• Cauliflower - baking these in the oven with a little bit of olive oil and salt and pepper yields a satisfying treat or side dish. 
  • Broccoli - blanched or par-boiled and enjoyed with a yogurt based salad dressing or low-fat dip
  • Potatoes (white) - These are not unhealthy! Top them with salsa, low-fat sour cream or plain greek yogurt and scallions. Perfection.
  • Sweet potatoes - Baked sweet potatoes "fries" are a healthy, filling snack jam-packed with nutrients
  • Fresh Salsa - See above! Also great addition to scrambled eggs or omelet 
  • Avocados - grilled, with fresh lemon squeezed over the top. Delish!
  • Salmon - I like to add this to salads, eggs as well as eat alone.
  • Rotisserie Chicken - I like to turn this into chicken salad, eat alone as a good source of protein at the ready and toss into salads. 
  • Eggs - Scrambled, omelet, sunny-side up or down (I use a non-stick spray) and hardboiled as a good quick snack. 
  • Parmesan - to make Parmesan crisps in lieu of crackers
  • Feta - Great addition to salads and dressings and dips
  • Hummus -I am a Sabra ADDICT! 
  • Olives
  • Pickles
  • Fresh herbs, bay leaves (for cooking and soups), cilantro, parsley, etc
  • Greek yogurt - eaten plain with honey or fruit. Great for making dips, spreads, dressings and smoothies

My veggie drawer is always full because on a cold day I may not be in the mood for salad. Roasted veggies are not only delicious but comforting as well. And the ultimate comfort food is soup. With an assortment of fruit, beans and broth that I keep on hand I can always make a pot of soup!

The Healthy Winter Freezer

 The Healthy Winter Kitchen. Image and smoothie recipe via  Cooking Classy

The Healthy Winter Kitchen. Image and smoothie recipe via Cooking Classy

  • Cauliflower rice - I love to make batches and toss them into the freezer for a quick thaw and cook.
  • Blueberries - The kids and I make a lot of smoothies. Our freezer cannot be without fruit!
  • Strawberries, quartered or halved
  • Sliced peaches
  • Raspberries
  • Mangoes
  • Cherries
  • Sliced bananas
  • Cauliflower florets - for soups or snacking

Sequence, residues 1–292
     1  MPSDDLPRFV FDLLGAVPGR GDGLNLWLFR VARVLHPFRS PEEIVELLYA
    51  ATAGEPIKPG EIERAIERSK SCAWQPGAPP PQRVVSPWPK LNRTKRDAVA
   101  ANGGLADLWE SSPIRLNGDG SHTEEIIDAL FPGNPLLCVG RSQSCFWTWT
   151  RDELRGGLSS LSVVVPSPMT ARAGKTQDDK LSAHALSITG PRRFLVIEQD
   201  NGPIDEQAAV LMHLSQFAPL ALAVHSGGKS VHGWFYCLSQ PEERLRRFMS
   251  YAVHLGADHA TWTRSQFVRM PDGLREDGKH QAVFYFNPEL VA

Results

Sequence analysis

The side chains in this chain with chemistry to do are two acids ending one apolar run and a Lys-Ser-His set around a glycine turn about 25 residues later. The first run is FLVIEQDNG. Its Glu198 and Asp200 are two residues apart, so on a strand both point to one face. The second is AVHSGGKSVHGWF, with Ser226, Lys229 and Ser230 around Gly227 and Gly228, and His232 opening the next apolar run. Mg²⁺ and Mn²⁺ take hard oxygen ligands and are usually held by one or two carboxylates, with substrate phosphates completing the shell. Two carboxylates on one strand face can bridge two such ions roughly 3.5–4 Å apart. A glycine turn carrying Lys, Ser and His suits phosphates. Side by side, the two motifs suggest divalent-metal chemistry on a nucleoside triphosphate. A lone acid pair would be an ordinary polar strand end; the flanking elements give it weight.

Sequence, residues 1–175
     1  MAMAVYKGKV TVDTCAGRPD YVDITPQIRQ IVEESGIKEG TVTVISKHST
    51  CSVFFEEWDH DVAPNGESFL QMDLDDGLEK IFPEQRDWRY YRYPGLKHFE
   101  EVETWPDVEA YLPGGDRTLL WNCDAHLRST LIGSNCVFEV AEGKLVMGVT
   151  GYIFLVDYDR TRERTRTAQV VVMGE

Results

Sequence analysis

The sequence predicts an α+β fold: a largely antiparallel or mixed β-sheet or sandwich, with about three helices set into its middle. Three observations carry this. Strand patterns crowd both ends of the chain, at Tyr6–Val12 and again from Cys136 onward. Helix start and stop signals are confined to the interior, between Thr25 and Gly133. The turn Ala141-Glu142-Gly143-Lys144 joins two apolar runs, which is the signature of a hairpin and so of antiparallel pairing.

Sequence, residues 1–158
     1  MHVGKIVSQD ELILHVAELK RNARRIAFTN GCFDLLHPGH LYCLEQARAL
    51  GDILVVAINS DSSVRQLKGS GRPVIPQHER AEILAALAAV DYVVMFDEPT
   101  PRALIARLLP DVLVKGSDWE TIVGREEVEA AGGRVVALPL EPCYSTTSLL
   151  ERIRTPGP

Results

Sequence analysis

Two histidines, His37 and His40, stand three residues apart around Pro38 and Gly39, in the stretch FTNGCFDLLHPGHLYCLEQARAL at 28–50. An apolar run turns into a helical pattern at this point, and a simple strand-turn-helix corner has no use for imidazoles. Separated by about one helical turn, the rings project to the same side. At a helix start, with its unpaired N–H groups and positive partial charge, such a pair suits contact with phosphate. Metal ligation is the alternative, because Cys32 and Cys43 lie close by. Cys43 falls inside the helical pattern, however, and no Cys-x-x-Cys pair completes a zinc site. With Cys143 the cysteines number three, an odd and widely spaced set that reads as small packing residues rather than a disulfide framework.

• Broccoli florets
  • Individually packaged chicken breasts - chicken breasts thaw faster when individually wrapped. I toss them into the freezer both raw and cooked.
  • Shrimp - These cook up quickly with the cauliflower rice for a great low-fat and healthy "stir fry"

The Healthy Winter Pantry

These are all the items that don't have to be refrigerated. Let's fill our pantries with healthy items so that we're not reaching for the chips and cookies! 

 The Healthy Winter Kitchen. Crispy Chick Peas. Image via Tumblr. 

The Healthy Winter Kitchen. Crispy Chick Peas. Image via Tumblr. 

  • Popcorn - this is my go to and my weakness. I don't do the microwave variety. I prefer Jiffy Pop (so much fun!) or else I like to pop the kernels myself in a pan with olive oil and lots of salt. Then when the kernels have all popped I drizzle a bit of white truffle oil over the top. Amazing!
  • Garbanzo beans (Chic peas) Sauteéed or baked with a little bit of olive oil, salt, pepper, cumin, garlic powder and lots of cumin these are the tastiest snacks, make a great addition to any salad, and are also a great side to any dinner entrée. Recipe here. 
  • Black, kidney and pinto beans - these are great added to soups and salads
  • Beef Broth
  • Chicken Broth - We love to make soup and having broth (stock) at the ready as well as an assortment of fresh veggies at the ready means you can make soup any time!
  • Quinoa - a great substitute for rice and pasta
  • Brown rice - a much healthier alternative to white rice
  • Assorted nuts - packed with protein these nutrient-dense snacks are anything but empty calories. Nuts are great on salads and yogurts.
  • Nut butters - eaten alone,  swirled into yogurt, spread on apples, bananas and pears
  • Honey - local if you can get it
  • Olive oils
  • Vinegars (Cider, red wine, distilled, herb infused)
  • Assorted mustards
  • Basic vinaigrette - Recipe here
  • An assortment of seasonings and spices to sprinkle on crudité, fish, meat, chicken and salads
  • Oats - I like to make my own granola that is lower in sugar than the commercial varieties. Recipe here and here.
  • Dark Chocolate - because sometimes you just need a little something!
  • Pasta - because some times you just have to! 

These items are great in the kitchen all year long, of course, but it's during the winter months, we tend not to eat as well and with spring looming on the horizon and as we start to shed our winter layers and show more skin we need to think of tossing the bad and replacing it with the good!